Benjamin Disraeli Letters

Benjamin Disraeli Letters: 1852-1856, Volume 6

M.G. WIEBE General Editor
MARY S. MILLAR Co-editor
ANN P. ROBSON Co-editor
Series: Letters of Benjamin Disraeli
Volume: 6
Copyright Date: 1997
Pages: 656
Stable URL:
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  • Book Info
    Benjamin Disraeli Letters
    Book Description:

    The latest volume in the critically acclaimed Letters of Benjamin Disraeli series contains or describes 952 letters (778 perviously unpublished) written by Disraeli between 1852 and 1856.

    eISBN: 978-1-4426-7129-4
    Subjects: History

Table of Contents

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  1. Front Matter (pp. i-iv)
  2. Table of Contents (pp. v-v)
  3. ILLUSTRATIONS (pp. vi-vi)
  4. ACKNOWLEDGEMENTS (pp. vii-viii)
  5. INTRODUCTION (pp. ix-xxv)

    In the fourth instalment ofBleak House, written just before the 1852 general election, Dickens sardonically linked his sombre title to the dismaying situation in British politics:

    Supposing the present Government to be overthrown, the limited choice of the Crown, in the formation of a new ministry, would lie between Lord Coodle and Sir Thomas Doodle – supposing it to be impossible for the Duke of Foodle to act with Goodle, which may be assumed to be the case in consequence of the breach arising out of that affair with Hoodle. Then, giving the Home Department and the Leadership of...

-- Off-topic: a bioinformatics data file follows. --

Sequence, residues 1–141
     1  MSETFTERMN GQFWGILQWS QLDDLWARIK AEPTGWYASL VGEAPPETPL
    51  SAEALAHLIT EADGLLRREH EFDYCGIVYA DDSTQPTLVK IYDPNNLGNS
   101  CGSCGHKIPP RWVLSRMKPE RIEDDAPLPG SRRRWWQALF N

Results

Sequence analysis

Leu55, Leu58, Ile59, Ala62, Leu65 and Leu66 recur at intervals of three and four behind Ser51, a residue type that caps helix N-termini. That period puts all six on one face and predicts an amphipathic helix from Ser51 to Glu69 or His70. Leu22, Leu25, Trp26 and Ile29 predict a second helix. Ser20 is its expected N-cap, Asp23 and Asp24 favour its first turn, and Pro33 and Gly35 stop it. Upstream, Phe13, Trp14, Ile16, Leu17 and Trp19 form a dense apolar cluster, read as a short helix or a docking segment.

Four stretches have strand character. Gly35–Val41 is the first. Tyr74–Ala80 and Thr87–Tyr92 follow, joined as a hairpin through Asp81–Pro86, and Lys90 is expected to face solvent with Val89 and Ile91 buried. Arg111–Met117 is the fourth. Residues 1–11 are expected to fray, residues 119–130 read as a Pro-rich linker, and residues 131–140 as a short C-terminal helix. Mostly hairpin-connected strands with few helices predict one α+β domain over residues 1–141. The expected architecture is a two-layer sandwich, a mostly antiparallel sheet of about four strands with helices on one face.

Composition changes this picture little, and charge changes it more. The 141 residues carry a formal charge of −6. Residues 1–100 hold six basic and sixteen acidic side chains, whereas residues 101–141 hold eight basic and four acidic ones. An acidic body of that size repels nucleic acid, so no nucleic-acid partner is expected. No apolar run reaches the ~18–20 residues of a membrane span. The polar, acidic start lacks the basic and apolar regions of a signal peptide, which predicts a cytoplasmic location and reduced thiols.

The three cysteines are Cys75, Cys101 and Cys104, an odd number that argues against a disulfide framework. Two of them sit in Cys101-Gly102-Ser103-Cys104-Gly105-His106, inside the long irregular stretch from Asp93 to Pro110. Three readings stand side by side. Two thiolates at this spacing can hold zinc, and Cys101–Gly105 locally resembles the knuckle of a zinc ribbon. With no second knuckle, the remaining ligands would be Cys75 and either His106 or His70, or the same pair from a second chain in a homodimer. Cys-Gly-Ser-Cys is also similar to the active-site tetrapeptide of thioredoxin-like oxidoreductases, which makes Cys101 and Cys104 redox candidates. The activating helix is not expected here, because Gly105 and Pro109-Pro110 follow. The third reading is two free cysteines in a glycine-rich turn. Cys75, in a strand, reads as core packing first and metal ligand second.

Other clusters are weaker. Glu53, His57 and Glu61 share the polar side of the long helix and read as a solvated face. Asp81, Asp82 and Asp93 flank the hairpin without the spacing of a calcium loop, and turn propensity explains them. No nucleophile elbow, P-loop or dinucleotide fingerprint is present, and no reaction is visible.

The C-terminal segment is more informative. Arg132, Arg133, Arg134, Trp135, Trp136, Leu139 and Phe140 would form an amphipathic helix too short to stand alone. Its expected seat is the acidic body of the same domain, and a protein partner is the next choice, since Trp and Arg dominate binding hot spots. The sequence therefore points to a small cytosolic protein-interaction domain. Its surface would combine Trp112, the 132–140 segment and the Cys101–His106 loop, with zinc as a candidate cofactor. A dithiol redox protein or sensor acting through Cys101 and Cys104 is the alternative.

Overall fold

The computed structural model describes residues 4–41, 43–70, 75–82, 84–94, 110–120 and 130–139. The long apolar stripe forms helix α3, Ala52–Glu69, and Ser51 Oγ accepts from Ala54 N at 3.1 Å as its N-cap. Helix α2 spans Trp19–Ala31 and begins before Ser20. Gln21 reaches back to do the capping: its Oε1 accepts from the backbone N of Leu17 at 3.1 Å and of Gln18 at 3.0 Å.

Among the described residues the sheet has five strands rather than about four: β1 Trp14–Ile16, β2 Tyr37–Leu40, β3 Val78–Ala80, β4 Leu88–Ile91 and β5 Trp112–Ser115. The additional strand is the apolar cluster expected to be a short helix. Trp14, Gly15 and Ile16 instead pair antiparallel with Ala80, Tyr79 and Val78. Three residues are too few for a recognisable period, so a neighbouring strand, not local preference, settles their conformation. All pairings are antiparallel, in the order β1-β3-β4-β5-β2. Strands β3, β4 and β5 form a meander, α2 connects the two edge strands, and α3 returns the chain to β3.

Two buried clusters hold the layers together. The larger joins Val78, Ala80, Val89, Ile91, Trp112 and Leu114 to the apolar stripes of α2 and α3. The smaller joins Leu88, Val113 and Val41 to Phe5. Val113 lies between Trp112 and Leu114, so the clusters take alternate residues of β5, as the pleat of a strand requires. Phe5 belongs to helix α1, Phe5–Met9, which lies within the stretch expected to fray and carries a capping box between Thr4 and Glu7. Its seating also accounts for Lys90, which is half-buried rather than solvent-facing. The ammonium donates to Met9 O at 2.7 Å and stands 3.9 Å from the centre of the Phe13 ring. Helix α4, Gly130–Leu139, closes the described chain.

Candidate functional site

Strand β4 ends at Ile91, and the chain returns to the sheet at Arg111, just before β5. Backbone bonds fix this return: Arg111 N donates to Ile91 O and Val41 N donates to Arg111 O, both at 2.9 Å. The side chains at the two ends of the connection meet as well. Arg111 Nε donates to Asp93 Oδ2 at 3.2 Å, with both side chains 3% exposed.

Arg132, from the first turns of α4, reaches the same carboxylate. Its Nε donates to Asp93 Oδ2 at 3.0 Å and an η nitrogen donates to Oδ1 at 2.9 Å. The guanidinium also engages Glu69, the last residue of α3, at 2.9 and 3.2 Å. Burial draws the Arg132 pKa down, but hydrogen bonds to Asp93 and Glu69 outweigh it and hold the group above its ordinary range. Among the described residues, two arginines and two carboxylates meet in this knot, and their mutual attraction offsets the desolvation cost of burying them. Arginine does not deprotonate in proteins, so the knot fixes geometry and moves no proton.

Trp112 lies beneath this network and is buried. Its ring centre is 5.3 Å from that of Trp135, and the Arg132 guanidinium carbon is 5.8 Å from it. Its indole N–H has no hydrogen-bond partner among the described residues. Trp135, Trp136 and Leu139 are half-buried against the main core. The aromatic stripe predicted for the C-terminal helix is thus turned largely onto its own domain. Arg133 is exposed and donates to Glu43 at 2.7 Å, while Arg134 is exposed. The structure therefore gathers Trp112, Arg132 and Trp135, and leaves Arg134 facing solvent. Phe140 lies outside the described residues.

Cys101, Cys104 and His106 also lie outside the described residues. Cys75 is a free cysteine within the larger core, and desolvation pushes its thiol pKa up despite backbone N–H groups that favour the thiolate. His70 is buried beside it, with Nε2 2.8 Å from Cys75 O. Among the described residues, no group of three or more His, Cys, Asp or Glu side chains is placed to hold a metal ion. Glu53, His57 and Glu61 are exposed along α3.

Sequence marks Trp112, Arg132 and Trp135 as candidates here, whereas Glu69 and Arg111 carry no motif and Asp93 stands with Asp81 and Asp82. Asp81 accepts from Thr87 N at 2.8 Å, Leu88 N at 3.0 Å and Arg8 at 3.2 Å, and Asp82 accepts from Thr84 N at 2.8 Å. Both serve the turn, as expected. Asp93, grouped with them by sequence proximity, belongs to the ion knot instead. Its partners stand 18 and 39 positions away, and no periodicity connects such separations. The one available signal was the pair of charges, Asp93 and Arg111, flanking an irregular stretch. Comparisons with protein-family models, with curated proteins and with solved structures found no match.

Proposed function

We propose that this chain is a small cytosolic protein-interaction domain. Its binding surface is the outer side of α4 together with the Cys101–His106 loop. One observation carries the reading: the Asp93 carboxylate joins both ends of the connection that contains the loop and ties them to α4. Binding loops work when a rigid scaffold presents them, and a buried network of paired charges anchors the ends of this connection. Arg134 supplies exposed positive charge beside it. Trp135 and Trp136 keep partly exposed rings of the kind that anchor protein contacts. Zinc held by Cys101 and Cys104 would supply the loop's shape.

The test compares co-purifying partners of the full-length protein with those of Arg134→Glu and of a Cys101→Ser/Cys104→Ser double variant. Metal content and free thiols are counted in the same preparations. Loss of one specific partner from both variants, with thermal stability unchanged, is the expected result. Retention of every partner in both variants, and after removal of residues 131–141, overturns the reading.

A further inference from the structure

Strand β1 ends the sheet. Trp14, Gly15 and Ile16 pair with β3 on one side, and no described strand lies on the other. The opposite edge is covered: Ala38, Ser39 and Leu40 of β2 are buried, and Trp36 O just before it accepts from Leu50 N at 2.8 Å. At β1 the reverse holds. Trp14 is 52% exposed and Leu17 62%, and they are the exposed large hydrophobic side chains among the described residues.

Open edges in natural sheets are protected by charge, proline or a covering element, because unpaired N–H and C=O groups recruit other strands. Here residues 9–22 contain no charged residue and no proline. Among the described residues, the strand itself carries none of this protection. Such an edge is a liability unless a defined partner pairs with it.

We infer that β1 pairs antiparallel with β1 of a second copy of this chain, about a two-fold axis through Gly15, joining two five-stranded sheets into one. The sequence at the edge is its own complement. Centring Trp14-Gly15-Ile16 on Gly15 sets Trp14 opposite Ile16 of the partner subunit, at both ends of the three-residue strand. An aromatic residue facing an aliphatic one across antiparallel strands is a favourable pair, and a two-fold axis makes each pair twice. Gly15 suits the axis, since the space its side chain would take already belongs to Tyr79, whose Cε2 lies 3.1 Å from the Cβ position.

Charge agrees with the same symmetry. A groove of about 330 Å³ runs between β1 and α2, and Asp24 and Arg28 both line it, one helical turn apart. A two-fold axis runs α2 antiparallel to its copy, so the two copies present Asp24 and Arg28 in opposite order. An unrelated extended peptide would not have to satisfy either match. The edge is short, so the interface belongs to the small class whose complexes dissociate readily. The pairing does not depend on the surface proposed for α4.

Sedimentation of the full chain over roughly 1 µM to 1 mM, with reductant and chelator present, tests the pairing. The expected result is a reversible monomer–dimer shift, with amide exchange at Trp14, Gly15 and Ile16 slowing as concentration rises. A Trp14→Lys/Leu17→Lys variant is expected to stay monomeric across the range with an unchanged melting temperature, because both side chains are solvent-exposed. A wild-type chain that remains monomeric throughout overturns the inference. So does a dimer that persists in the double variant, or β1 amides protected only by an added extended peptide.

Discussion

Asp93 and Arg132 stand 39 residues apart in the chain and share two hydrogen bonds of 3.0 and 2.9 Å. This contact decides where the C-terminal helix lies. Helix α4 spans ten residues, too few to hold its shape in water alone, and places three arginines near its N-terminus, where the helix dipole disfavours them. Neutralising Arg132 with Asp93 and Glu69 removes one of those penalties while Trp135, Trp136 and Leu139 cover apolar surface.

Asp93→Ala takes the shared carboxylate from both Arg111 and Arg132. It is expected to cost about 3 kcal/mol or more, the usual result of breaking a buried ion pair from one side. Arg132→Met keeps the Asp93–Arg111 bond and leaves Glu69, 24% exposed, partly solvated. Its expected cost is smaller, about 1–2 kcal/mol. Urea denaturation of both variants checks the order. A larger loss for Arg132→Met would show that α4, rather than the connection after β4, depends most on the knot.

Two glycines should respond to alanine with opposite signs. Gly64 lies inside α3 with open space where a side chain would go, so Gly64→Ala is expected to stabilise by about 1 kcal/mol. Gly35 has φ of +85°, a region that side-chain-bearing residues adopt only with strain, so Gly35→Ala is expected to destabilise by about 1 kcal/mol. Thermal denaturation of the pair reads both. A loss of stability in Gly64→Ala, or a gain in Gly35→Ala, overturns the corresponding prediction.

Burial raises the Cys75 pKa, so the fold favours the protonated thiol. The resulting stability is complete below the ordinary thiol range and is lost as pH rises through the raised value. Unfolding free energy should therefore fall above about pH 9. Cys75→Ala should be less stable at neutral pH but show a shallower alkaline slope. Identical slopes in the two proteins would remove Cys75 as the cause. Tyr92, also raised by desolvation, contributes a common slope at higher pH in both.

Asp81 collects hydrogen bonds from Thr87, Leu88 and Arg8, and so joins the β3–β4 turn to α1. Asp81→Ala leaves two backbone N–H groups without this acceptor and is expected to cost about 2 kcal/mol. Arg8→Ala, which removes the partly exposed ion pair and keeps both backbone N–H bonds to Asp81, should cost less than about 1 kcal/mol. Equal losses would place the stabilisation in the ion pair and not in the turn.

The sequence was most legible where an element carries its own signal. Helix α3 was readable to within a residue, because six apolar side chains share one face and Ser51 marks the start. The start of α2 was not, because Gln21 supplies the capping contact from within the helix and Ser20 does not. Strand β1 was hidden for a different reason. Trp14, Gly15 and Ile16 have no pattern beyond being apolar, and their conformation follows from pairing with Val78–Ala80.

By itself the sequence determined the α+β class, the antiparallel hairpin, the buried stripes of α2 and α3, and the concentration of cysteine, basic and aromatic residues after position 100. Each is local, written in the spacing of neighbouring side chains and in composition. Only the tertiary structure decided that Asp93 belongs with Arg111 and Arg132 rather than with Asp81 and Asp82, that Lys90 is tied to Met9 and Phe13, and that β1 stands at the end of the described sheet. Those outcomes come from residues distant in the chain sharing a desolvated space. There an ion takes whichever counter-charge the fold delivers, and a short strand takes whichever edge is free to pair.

6. EDITORIAL PRINCIPLES (pp. xxvi-xxvii)
  7. DISRAELI CHRONOLOGY 1852–1856 (pp. xxviii-xlii)
  8. ABBREVIATIONS IN VOLUME SIX (pp. xliii-xlvii)
  9. CHRONOLOGICAL LIST OF LETTERS 1852–1856 (pp. xlviii-2)
  10. Letters (pp. 3-512)

    I had arrived at the same conclusion with respect to Johnny’s coup d’etat, & am gratified that my view is sanctioned by one of yr. acumen & knowledge of circumstances and / persons.¹ The fact is, the government have entirely changed their foreign policy: under ordinary circumstances, instead of making a victim of the Secretary of state, they shd. have resigned. I assume therefore from Ld. John’s conduct, that, after / our self-confessed incapacity of last February, he & the Court no longer recognise us as a practical power in the state.

    I return you L’s letter.² When he objects to the prominence...

  11. APPENDIX I (pp. 513-533)
  12. APPENDIX IA (pp. 534-536)
  13. APPENDIX II (pp. 537-543)
  14. APPENDIX III (pp. 544-545)
  15. APPENDIX IV (pp. 546-555)
  16. APPENDIX V (pp. 556-556)
  17. APPENDIX VI (pp. 557-561)
  18. APPENDIX VII (pp. 562-562)
  19. APPENDIX VIII (pp. 563-564)
  20. APPENDIX IX (pp. 565-568)
  21. APPENDIX X (pp. 569-570)
  22. RECIPIENTS, VOLUME SIX (pp. 571-573)
  23. INDEX TO VOLUME SIX (pp. 574-622)

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